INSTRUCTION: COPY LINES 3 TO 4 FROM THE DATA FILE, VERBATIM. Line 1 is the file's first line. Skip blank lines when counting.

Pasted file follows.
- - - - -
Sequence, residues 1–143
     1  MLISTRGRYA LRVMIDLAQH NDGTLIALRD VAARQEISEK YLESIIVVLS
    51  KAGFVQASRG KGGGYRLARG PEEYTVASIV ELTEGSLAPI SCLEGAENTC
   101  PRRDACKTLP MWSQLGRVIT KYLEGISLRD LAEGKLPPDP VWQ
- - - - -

    51  KAGFVQASRG KGGGYRLARG PEEYTVASIV ELTEGSLAPI SCLEGAENTC
   101  PRRDACKTLP MWSQLGRVIT KYLEGISLRD LAEGKLPPDP VWQ